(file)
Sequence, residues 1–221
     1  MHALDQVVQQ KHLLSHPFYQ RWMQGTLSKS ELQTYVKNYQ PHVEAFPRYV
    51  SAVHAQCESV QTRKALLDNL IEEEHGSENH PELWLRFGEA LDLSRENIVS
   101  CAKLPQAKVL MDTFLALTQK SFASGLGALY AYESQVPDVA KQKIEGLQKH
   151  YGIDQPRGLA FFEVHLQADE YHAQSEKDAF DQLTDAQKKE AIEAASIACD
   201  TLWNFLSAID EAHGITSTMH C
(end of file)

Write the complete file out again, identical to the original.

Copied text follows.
Sequence, residues 1–221
     1  MHALDQVVQQ KHLLSHPFYQ RWMQGTLSKS ELQTYVKNYQ PHVEAFPRYV
    51  SAVHAQCESV QTRKALLDNL IEEEHGSENH PELWLRFGEA LDLSRENIVS
   101  CAKLPQAKVL MDTFLALTQK SFASGLGALY AYESQVPDVA KQKIEGLQKH
   151  YGIDQPRGLA FFEVHLQADE YHAQSEKDAF DQLTDAQKKE AIEAASIACD
   201  TLWNFLSAID EAHGITSTMH C